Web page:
Simplified, the asset approach equals the value of the company´s assets. The tangible assets are often fairly simple to value, using market comparison and depreciation, while intangible assets are more complicated to value. Fixed assets, such as production equipment is usually written off at a faster pace than the depreciation of their market value. This often leads to the balance sheets misrepresenting the asset value. Depending on the circumstances, the opposite could also be the case.
Sub category: Liqudation valuation method
The liquidation valuation method is a sub category to the asset approach. Simplified, the liquidation valuation method can be described as a scenario where it has become public knowledge that the company is in a financial distress and is facing reconstruction or bankruptcy. Potential buyers are likely to drive a hard bargain if they know that they sit on the “good cards” at the negotiation table. If a bankruptcy already has been declared, you on the other hand with sit at the negotiation table with a ”foreclosure sign” figuratively speaking. Another commonly used term is; discount for lack of marketability, which relates to the difficulty of selling assets quickly. There is an entire industry dedicated to this, that is called foreclosure investing. The liquidation valuation method should typically not be applied when a business valuation is executed by the definition of fair market value.
(For the United States only)
The liquidation valuation method, may be part of a valuation according to the concept of “fair market value”, but not “fair value”.
Valuation method: Return on investment (ROI)
The Return of investment valuation method is commonly used within venture capital and private equity. Simplified, it is based on the return that the investment is expected to deliver. Relevant parallels are usually drawn to how liquid, vs how solid the investment is, and what is the average market return on other investments with comparable risks. Generally speaking, any non-public company investment is a higher risk/reward than your average index fund. Also, stocks/shares (or an entire company) in a private company is a very illiquid investment. Lastly, when valuing according to the ROI-method, it is part of the process to normalize the P&L and balance sheet. This is the most labor intensive part of any proper business valuation.
Sub category: Discounted Cash Flow
Discounted cash flow is a sub category to the ROI-method. Simplified, the DCF focuses on a pre-set interest rate, and then calculates cash flow against time. A central aspect of the DCF-method is that money today is worth more than money tomorrow. When analyzing according to this method, the companies that tie up less capital in relation to the earnings, become the winners. The interest rate varies depending on the risk. Just like the main category; the ROI-method, is the DCF-method common within investors and venture capitalists. The DCF method is especially useful when choosing where to investment a limited amount of money. Industries that needs assets that tie up capital don’t become attractive from the perspective of the DCF method.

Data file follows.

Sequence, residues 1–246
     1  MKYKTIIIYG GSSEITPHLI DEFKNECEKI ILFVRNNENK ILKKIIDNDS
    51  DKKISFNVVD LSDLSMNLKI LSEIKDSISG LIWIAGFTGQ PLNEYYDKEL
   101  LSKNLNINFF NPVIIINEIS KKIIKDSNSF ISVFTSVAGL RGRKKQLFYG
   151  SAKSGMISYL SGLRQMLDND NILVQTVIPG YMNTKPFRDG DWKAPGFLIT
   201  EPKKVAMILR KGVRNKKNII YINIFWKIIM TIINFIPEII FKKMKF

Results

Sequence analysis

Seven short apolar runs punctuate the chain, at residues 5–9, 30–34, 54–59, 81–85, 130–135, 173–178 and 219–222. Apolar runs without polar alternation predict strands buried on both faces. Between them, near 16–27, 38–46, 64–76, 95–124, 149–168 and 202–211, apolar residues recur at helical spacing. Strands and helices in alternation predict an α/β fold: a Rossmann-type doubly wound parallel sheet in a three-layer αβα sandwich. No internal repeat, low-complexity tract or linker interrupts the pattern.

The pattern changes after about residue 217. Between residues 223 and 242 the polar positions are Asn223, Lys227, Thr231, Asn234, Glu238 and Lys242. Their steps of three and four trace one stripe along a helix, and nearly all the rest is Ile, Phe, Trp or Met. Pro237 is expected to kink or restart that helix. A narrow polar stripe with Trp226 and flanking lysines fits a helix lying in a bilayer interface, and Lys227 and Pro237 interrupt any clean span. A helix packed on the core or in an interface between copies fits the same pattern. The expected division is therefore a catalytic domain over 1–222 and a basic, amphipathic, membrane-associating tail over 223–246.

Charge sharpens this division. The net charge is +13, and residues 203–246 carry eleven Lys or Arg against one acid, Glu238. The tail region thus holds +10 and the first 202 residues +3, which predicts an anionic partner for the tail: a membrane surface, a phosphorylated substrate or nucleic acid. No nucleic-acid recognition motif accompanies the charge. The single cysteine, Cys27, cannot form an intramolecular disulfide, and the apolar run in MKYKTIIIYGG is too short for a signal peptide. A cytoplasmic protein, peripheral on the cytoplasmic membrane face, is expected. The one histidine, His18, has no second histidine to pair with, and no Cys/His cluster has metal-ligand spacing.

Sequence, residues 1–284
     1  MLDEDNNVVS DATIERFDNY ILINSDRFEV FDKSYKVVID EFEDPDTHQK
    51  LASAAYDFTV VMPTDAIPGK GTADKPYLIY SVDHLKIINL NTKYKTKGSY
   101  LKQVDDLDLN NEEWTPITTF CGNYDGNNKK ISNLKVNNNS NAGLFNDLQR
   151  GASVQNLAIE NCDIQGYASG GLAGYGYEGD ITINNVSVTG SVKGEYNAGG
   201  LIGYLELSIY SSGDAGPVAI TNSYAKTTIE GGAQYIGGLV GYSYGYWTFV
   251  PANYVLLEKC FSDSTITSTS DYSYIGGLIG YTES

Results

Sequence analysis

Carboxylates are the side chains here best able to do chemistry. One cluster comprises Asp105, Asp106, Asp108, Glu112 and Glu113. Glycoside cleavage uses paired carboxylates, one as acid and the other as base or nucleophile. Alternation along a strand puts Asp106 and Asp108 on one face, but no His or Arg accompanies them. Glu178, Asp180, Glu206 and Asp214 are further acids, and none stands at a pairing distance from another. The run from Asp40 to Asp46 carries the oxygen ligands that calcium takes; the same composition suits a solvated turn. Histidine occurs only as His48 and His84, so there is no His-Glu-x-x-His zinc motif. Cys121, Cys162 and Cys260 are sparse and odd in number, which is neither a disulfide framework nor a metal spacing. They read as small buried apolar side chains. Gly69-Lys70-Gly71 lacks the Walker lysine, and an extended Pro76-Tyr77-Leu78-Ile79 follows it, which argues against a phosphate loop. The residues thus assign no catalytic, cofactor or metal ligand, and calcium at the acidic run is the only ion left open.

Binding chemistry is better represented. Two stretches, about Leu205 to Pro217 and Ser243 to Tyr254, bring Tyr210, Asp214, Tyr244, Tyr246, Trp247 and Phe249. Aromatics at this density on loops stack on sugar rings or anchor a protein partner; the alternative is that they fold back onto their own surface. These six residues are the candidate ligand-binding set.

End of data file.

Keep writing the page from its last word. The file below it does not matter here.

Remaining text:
The market approach
The market approach is common when the company owns commercial real estate, or when it comes to valuing companies in certain industries where a large amount of transactions take place. The market approach is not useful in situations when there are not transactions of ownership taking place on a highly frequent level locally. Its applicable use is limited to a few industries. However, the market approach can also influence the overall evaluation of the company. Some industries have/get higher multiples and some industries have/get lower multiples. There are certain commonalities among the industries that get higher multiples; high barriers to entry, low overhead costs, contract clients or “guaranteed” clients. There are also other industries that get higher multiples even without the above mentioned, such as industries that are related to tourism and the software industry.
Valuation method: Financial key number analysis
In a financial key number analysis, the key numbers are analyzed to evaluate the financial health and the potential of the company. This shouldn’t be confused with credit rating, which is primarily used for loan applications. If the company is assessed to have a potential beyond the ordinary, the “surplus” will fall into this category. In order for potential to become actual figures on a business valuation document, more than only vision is required. Extraordinary large purchase orders, letters of intent, main competitor in bankruptcy, recently increased profits are all examples of what can justify a higher than average potential and adjust of the value, according to this valuation method. Our valuation employ profit multiples conservatively, to then raise the immaterial value, if extraordinary potential has surfaced.
Combination of the valuation methods